In this FDD Talk 2015 post, you’ll learn the following:
- Section I – Background information on the Just-A-Buck franchise opportunity, including relevant news updates
- Section II – Estimated initial investment for a Just-A-Buck franchise, based on Item 7 of the company’s 2015 FDD
- Section III – Presentation and analysis of Just-A-Buck’s financial performance representations, based on Item 19 of the company’s 2015 FDD, including information on the:
- 2005 through 2014 actual gross sales, gross profit margin, and (from 2010) gross rent for 6 affiliate-owned Just-A-Buck stores (Kingston, NY; Middletown, NY; Pine Bush, NY; Poughkeepsie, NY; Wappingers, NY; and Greenville, NY)
- 2005 through 2014 average gross sales, gross profit margin, and (from 2010) gross rent and rent percentage for the 6 affiliate-owned Just-A-Buck stores
Section I – Background Information
Just-A-Buck is a dollar store chain that got its start all the way back in 1988, when the concept was both fresh and exciting, with the opening of its first location in Poughkeepsie, NY.
The dollar store concept may be old hat, but it’s a segment that continues to grow rapidly. The three biggest players on the scene have a staggering number of locations: Dollar General with nearly 11,500, Dollar Tree with 4,900, and Family Dollar with 8,100 (which was just purchased by Dollar Tree for $8.5 billion).
By contrast, Just-A-Buck’s mere 18 locations may seem paltry, but the company is making waves by finding new ways to expand. Headquartered in New Windsor, NY, a state with 11 locations, the company also has a presence in ME, NJ, OH, and CA.
Steven (Steve) Bakst, Rochelle Bakst (his sister), and Robert (Bob) Capone are the principal officers, with Steve overseeing purchasing, Ro overseeing operations, and Bob handling location development.
Here’s what family-owned Just-A-Buck is doing to distinguish itself in a tough dollar-store environment:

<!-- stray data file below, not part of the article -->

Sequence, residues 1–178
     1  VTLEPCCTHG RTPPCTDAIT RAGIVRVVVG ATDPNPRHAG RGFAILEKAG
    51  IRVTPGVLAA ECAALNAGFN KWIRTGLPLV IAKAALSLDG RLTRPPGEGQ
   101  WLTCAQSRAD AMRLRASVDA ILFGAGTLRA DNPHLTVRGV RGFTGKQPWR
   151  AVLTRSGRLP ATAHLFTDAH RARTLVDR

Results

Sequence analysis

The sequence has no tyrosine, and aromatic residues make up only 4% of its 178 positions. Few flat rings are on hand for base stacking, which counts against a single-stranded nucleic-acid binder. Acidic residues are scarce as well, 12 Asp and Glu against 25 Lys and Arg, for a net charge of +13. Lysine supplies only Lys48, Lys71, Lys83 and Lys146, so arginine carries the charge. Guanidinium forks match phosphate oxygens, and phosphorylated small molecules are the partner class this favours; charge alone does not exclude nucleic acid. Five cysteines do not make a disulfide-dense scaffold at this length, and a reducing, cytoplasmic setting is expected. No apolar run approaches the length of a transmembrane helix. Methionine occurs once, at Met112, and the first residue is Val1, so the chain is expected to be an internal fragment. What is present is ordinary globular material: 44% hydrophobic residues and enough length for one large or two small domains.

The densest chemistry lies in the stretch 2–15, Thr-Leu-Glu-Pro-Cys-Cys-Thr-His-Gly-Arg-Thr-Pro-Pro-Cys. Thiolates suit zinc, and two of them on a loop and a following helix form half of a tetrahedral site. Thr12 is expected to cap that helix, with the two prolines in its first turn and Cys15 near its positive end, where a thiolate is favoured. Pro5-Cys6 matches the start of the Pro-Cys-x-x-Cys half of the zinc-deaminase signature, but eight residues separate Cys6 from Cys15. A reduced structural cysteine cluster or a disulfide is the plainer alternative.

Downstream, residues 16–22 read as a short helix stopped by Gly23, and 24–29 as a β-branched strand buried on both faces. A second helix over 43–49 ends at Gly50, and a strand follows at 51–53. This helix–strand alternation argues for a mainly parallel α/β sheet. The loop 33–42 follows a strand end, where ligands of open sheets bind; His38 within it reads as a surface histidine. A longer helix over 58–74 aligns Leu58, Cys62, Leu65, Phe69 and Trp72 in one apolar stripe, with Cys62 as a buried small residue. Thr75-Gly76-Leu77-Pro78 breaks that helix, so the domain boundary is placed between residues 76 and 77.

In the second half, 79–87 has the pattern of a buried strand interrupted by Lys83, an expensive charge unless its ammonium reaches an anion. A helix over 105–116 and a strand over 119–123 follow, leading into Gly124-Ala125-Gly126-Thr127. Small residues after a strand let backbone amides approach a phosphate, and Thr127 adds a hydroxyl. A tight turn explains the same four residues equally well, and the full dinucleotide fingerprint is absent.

Serving Low-Income Patrons
It should come as no surprise that many of the customers who frequent dollar stores are on the lower end of the income distribution curve. Shoppers that regularly patronize dollar stores tend to have annual incomes under $40,000 – and often substantially less. That less-than-$40K market covers nearly half of all US households.
Few of the stores actually stick to the one-dollar idea, but even when they stray from it, the prices are cheaper than even big discount stores like Wal-Mart can offer.
Dollar stores thrived during the Great Recession, which saw the number of working Americans living in poverty skyrocket by nearly 40%. People who before might have only popped into a dollar store for cheap wrapping paper found themselves doing a lot more of their shopping there, and for many the habit has stuck even in the post-recession environment.
And even more affluent shoppers are still feeling nervous about the economy, which seems to be inspiring a new wave of bargain hunting among American consumers at all levels.
Employing the Disabled
But what Just-A-Buck really has going for it that makes it different from all other dollar store chains is its new focus on providing employment opportunities for those with disabilities and developmental challenges. Just-A-Buck works with agencies that serve adults with developmental and other disabilities.
In the case of the Just-A-Buck store in Parma, OH, which opened in 2009, the franchise itself was purchased by the joint efforts of the Cuyahoga County Board of Developmental Disabilities and SAW, Inc., a staffing agency that specializes in employment opportunities for the disabled.
Based on the resounding success of the Parma location, another was opened in nearby South Euclid. Just-A-Buck followed suit by recently opening a location in New Paltz, NY, working with Ulster-Greene ARC, an agency serving adults with developmental disabilities.
Just-A-Buck seems to have hit a winning combination here that has everyone feeling good – it now has five franchisees that operate on this model.
Section II – Estimated Costs
- Please click here for detailed estimates of Just-A-Buck franchise costs, based on Item 7 of the company’s 2015 FDD.